On January 21, 2016, the Israeli Law, Information and Technology Authority (“ILITA”) announced that it would postpone for the time being any review or enforcement actions on data transfers from Israel to the United States that are based on the U.S.-EU Safe Harbor framework.

This contradicts an earlier statement by ILITA in October 2015 that it would not permit such data transfers following the Schrems decision by the Court of Justice of the European Union that declared the Safe Harbor framework invalid.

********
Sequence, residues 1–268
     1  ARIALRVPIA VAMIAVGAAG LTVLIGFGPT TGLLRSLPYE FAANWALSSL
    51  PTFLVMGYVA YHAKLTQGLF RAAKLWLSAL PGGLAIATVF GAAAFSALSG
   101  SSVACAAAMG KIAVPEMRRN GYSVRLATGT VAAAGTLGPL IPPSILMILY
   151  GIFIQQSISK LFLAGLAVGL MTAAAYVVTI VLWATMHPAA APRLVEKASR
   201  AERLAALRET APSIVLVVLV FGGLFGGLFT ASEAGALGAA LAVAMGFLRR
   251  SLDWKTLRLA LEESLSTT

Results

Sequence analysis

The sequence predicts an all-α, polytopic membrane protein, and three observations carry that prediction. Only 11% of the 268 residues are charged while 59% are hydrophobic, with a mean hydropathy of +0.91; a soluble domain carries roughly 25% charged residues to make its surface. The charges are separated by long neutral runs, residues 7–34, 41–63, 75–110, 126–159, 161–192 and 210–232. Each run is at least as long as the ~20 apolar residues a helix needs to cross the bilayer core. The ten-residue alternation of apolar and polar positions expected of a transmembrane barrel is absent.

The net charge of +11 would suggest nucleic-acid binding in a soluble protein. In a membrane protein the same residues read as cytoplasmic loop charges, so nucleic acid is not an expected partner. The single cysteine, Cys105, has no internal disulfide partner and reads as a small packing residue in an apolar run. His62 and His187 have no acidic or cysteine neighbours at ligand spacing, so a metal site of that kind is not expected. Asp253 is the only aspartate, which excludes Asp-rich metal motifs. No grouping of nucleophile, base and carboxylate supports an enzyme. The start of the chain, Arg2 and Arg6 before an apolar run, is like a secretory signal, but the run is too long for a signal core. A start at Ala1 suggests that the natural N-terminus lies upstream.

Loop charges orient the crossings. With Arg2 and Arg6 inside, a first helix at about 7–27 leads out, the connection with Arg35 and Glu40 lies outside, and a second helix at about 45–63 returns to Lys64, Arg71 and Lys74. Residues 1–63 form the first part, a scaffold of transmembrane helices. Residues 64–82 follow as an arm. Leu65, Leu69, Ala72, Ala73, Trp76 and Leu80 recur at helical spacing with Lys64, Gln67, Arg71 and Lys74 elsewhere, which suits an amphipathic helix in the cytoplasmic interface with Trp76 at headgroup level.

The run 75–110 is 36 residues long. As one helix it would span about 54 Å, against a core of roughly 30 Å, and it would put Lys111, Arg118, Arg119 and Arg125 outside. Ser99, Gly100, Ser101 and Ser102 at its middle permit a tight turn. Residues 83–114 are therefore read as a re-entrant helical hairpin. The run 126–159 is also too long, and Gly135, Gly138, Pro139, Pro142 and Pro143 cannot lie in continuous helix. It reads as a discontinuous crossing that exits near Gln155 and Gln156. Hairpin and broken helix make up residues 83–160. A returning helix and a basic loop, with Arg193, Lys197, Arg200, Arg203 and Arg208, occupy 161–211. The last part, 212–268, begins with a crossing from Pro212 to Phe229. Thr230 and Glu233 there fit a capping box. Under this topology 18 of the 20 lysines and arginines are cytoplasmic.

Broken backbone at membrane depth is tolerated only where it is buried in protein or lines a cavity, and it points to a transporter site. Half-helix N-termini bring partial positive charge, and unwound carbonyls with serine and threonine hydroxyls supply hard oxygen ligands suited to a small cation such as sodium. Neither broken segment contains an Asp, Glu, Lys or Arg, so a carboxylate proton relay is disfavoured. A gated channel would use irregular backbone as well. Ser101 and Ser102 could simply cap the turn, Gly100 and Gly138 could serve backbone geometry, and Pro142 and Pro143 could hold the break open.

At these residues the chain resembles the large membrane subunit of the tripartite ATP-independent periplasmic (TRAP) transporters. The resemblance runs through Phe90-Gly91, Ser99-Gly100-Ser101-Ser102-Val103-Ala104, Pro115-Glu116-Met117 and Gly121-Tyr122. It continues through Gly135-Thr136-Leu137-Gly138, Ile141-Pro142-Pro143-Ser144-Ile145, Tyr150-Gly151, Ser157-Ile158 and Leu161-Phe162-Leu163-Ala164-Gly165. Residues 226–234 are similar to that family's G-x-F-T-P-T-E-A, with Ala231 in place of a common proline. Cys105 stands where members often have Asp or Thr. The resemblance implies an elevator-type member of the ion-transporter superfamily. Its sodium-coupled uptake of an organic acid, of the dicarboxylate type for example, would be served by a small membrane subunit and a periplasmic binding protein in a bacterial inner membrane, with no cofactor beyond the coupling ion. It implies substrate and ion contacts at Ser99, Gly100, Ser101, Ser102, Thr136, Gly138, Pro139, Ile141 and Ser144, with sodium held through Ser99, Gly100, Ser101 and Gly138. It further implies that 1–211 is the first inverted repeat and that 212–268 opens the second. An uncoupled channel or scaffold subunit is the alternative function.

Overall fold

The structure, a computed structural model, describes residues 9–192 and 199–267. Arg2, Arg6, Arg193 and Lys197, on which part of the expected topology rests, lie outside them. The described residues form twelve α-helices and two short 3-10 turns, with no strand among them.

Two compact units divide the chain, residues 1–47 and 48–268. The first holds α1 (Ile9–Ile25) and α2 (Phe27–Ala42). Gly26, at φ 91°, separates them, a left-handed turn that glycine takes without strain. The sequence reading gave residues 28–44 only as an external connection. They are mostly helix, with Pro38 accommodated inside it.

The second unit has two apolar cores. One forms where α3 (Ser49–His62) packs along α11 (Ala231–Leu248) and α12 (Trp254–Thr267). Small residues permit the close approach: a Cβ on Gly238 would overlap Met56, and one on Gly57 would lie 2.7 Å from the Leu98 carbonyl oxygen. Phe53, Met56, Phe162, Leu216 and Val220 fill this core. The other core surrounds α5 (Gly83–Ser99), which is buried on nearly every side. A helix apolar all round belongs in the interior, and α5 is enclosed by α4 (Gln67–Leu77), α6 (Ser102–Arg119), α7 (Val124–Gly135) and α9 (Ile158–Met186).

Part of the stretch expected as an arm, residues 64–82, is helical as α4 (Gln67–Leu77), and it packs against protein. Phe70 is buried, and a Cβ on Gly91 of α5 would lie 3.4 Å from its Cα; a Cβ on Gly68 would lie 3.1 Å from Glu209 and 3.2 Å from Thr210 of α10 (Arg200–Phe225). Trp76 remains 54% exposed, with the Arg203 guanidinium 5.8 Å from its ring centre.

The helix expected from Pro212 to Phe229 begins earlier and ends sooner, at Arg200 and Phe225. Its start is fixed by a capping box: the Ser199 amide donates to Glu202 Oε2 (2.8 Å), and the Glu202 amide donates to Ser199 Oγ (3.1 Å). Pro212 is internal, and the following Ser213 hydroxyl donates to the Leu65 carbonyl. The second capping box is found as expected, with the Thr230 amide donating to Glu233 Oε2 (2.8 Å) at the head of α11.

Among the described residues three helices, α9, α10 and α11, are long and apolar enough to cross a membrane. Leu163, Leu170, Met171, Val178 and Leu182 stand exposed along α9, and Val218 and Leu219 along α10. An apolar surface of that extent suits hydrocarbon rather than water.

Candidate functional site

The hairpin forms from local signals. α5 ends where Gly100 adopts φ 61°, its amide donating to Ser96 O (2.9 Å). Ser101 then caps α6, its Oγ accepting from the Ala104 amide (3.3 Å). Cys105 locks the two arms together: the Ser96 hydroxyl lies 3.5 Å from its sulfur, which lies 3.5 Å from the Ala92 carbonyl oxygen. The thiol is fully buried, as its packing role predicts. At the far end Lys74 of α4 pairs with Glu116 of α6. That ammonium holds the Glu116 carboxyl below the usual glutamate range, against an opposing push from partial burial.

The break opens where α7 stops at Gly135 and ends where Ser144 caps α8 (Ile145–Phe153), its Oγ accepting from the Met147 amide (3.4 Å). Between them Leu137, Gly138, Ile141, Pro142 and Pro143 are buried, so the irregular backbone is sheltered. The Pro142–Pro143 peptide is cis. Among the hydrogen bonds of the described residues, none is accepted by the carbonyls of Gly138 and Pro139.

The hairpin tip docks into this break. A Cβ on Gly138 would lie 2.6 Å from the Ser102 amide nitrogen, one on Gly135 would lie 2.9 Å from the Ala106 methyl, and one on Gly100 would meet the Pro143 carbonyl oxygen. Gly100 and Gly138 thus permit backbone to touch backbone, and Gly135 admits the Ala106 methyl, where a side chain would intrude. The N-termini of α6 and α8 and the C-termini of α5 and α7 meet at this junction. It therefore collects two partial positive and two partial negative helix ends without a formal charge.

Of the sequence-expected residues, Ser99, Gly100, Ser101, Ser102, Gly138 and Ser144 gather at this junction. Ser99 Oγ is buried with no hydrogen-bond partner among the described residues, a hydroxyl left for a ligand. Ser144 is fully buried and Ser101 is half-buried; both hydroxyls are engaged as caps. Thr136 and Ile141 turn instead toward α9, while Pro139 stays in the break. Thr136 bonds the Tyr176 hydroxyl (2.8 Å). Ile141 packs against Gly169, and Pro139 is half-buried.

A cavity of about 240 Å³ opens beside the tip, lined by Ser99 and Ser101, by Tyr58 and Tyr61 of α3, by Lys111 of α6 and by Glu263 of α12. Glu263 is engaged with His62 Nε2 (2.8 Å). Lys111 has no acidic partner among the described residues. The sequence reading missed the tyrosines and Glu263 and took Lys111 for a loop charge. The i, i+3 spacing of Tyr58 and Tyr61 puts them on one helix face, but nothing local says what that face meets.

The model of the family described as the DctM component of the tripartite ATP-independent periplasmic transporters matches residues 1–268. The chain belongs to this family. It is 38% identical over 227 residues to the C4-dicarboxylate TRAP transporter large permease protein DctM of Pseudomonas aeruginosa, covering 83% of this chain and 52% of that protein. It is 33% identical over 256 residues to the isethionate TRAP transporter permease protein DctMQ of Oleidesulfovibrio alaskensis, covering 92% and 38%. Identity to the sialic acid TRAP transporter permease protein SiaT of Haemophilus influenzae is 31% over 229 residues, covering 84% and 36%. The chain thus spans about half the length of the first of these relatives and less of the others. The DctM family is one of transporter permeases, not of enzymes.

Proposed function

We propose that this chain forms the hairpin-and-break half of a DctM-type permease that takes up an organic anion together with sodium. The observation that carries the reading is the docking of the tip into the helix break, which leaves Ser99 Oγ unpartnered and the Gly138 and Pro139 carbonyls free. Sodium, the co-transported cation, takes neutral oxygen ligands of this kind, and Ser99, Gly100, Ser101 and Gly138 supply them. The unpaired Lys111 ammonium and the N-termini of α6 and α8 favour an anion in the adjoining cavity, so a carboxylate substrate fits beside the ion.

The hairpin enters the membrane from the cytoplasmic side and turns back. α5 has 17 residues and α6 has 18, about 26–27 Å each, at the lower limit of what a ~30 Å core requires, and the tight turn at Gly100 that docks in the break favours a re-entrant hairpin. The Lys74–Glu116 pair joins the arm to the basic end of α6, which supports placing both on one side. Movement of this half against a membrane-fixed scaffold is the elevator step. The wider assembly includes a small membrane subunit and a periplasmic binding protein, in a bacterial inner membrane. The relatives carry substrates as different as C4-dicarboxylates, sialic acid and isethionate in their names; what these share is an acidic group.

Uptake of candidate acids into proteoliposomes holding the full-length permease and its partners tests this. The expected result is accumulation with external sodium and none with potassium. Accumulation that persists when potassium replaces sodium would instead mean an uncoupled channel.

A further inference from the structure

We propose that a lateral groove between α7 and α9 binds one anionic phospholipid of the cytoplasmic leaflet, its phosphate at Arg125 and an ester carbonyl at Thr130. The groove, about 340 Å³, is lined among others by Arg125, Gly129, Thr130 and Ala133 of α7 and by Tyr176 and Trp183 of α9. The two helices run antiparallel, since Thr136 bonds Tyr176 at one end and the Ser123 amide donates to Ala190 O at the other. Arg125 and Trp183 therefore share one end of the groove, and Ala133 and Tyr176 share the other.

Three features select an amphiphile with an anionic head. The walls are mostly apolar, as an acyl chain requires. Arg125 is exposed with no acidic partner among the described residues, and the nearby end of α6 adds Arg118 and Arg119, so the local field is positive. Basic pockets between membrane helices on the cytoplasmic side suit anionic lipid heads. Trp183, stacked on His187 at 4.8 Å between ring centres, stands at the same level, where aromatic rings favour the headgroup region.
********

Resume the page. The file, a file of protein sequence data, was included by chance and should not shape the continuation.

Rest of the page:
Israel’s privacy regulations permit the transfer of personal data outside of Israel under certain circumstances, including transfers made “to a country to which the European Union permits transfers.” Because of this, Israel relied on the Safe Harbor framework as a legal basis that enabled data transfers from Israel to the U.S. The Article 29 Working Party and others have urged regulators to adopt a new legal framework by January 31, 2016, to permit the transfer of personal data from the EU to the U.S. that complies with the requirements of the Schrems decision. It is not clear whether the impending deadline will be reached, so ILITA has decided that the best course of action will be to postpone any potential Safe Harbor-related enforcement until there is more clarity on this issue.